total charge of e in a given volume of water


by Bailey
Tags: charge, volume, water
Bailey
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#1
Jan21-05, 12:02 AM
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this is killing me.
the question ask for total charge ina given volume of water.

-first convert the volume to m^3 from cm^3 since i know the density of water at 4 degree cel (most dense) is 1000kg/m^3.

-then imultiply the m^3 by 1000kg/m^3. then convert it to grams.

- divide by 18 grams (mass of H2O). which will gives us # of moloe of H2O. then multiply by 6.02*10^23 to get the amount of molec of H2O.

-Multiply by 10 electron (since each H2O have 10 e total).

-then lastly multiply it by 1.6*10^-19 C (charge of an electron)

but still i keep gettign the wrong answer. anyone know why?
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vincentchan
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#2
Jan21-05, 12:17 AM
P: 611
are you asking the number of e or charge of total e? your reasoning is completely fine...gimme the origina question and the model answer... your hw might asking you a completely different thing...
Bailey
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#3
Jan21-05, 12:20 AM
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here the original question:

What is the total charge on all the electrons in 21.10cm3 of water?

vincentchan
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#4
Jan21-05, 12:23 AM
P: 611

total charge of e in a given volume of water


and your answer is....
Bailey
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#5
Jan21-05, 12:26 AM
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i got 1128126.79 C
vincentchan
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#6
Jan21-05, 12:27 AM
P: 611
i got 1.29*10^6, what is your model answer
Bailey
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#7
Jan21-05, 12:30 AM
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i don't ahve an answer...since its online HW which will give u a "correct" or "incorrect" statment. n both our answer is wrong.
vincentchan
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#8
Jan21-05, 12:35 AM
P: 611
my answer should be right... so do yours... check your arithematics ...
Bailey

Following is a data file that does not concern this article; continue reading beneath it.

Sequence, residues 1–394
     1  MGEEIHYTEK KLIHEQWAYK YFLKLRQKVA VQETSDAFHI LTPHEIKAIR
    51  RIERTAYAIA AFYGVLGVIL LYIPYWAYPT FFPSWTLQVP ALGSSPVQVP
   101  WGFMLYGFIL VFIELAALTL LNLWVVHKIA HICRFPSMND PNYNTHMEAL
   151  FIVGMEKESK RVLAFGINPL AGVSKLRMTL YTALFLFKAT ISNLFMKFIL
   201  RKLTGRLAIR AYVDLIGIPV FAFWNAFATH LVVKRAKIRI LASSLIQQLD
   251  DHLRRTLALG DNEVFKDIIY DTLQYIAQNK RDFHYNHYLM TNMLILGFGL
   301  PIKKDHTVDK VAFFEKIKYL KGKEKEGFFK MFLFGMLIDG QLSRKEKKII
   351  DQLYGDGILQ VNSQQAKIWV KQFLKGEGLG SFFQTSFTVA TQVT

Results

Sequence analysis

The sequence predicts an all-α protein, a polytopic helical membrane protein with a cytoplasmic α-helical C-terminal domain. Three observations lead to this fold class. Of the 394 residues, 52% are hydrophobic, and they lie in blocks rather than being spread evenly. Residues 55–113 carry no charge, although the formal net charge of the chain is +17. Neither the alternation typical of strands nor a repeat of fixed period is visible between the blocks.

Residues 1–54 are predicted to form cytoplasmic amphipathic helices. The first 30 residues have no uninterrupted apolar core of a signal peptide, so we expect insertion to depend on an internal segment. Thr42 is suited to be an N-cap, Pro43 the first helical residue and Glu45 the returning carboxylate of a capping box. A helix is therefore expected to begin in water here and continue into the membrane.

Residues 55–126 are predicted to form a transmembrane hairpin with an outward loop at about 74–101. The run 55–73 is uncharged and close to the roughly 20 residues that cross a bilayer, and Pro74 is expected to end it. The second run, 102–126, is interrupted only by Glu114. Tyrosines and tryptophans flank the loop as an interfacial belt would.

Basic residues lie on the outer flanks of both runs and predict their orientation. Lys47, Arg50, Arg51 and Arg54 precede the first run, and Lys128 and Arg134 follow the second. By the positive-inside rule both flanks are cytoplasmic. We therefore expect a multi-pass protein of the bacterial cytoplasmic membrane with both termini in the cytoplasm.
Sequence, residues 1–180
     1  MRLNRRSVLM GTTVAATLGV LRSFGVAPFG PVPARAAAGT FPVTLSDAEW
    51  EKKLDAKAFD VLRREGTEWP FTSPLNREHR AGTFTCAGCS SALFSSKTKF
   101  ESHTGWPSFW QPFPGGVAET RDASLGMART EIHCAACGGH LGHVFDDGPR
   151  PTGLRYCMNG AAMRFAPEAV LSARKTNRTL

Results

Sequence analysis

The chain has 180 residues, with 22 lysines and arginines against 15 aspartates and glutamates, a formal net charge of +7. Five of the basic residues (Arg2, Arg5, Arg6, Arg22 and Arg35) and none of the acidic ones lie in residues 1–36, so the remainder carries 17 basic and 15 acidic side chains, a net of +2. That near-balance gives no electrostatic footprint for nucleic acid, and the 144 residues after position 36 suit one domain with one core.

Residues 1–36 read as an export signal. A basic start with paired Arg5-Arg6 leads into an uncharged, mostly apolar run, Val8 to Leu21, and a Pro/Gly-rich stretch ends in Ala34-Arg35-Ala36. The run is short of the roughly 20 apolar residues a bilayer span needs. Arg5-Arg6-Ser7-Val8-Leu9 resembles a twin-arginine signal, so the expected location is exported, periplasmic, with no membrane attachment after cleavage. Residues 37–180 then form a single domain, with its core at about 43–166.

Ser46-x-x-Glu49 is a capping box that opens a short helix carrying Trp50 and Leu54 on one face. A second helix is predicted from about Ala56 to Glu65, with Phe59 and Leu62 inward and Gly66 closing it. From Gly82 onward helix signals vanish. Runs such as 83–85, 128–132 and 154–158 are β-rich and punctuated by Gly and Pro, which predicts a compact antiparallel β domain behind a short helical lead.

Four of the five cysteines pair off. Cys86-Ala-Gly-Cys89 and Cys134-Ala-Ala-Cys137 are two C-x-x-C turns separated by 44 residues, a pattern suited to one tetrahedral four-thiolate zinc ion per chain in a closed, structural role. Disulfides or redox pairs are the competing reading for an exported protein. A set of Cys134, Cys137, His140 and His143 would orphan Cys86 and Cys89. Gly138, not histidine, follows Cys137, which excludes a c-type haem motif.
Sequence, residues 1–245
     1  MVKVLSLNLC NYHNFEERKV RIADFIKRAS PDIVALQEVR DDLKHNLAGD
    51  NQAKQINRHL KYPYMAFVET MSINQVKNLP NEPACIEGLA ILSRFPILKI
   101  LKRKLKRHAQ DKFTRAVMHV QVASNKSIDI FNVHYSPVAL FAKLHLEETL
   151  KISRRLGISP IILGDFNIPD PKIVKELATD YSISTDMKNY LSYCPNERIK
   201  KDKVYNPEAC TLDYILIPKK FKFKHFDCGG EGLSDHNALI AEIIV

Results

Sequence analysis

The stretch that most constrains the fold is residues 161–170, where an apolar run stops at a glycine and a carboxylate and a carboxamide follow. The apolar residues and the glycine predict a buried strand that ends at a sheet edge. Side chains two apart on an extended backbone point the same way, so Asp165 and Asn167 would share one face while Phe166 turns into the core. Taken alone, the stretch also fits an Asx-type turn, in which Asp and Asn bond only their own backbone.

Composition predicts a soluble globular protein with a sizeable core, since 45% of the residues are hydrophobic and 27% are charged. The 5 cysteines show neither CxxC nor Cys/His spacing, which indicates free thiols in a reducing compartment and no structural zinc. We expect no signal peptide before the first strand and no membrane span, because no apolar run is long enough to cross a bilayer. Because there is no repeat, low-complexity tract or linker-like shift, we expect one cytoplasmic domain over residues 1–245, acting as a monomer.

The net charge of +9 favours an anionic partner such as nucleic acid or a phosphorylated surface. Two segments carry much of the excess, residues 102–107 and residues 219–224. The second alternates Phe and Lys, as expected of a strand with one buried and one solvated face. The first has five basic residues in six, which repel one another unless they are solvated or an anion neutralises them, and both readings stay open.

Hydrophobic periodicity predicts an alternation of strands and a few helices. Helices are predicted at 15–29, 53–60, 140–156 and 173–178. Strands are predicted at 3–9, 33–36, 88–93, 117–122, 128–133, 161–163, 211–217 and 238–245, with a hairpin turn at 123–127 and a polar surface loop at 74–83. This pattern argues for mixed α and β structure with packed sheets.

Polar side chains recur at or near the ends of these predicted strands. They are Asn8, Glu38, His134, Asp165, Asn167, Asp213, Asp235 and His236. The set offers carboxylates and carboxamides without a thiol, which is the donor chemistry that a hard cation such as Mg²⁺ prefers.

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#9
Jan21-05, 12:44 AM
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err.can u give me ur full answer? then i can check if its right.

basically i get from 21.10cm^3 to 21.1 grams

-21.1 g / 18 g = mol of h2O

-mol of h2o * 6.02x10^23 = molec of h2o

-molec of h2o * 10 = total e

-total muitliply by 1.6x10^-19 = 1129084.44 (is differ from my last answer caz i used 18 g this time instead of the very precise one)
vincentchan
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#10
Jan21-05, 12:48 AM
P: 611
sry.. i put 24.1 instead of 21.1 in my calculator.... my calculation is exactly the same as you...try 1.13*10^6 or something alike... you calculation is absolutly fine...
Bailey
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#11
Jan21-05, 12:50 AM
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nah.i got 3 try left :( can't waste it.

the system basically detect if more/less digit is require.
cepheid
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#12
Jan21-05, 12:53 AM
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21.10 cm^3 is 21.10 g

21.10g * (1 mol / 18.01 g) = 1.172 mol

1.172 mol * (6.02 x 10^23 molecules / 1 mol) = 7.05 x 10^23 molecules.

There are indeed ten electrons per water molecule. So we have:

7.05 x 10^24 electrons

(7.05 x 10^24 electrons ) * (1.60 x 10^-19 C / 1 electron) = 1 128 457.524 C

= 1.13 X 10^6 C

That is closer to Bailey's answer

*EDIT* no...after Vincent's correction, we all got the same answer. Your system is wack.

*EDIT* 2: Actually, Bailey, notice that our answers don't match beyond 3 sig dig accuracy. Yet, that should be sufficient for a final answer! Part of the discrepancy is because you used 18 g/mol the second time, but even your first answer doesn't match mine. Did you carry all digits until that last step in the calculation? How many digits does the dreaded computer want in the answer anyway?
Bailey
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#13
Jan21-05, 12:56 AM
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omg.i tried it ( 1.13 X 10^6 C ).

n its still wrong. 2 try left now.......lol

edit: reply to edit post from above:

well.i know the system will tell me if i need more digit or if i used the wrong unit.
Bailey
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#14
Jan21-05, 02:03 AM
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OMG!!!!!!!!
the answer is -1.13E+06 C!!!!!!!!!!!!! damnit...b/c i use the constant at the text which doesn't state a negative sign.......so.................doh! lol lol lol...............
dextercioby
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#15
Jan21-05, 02:09 AM
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U should have seen that from the beginning...Electrons have negative charge...

Daniel.
Bailey
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#16
Jan21-05, 02:21 AM
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what can i say....... i can be a complete idiot sometime.......lol

btw......thx for the reply guys.


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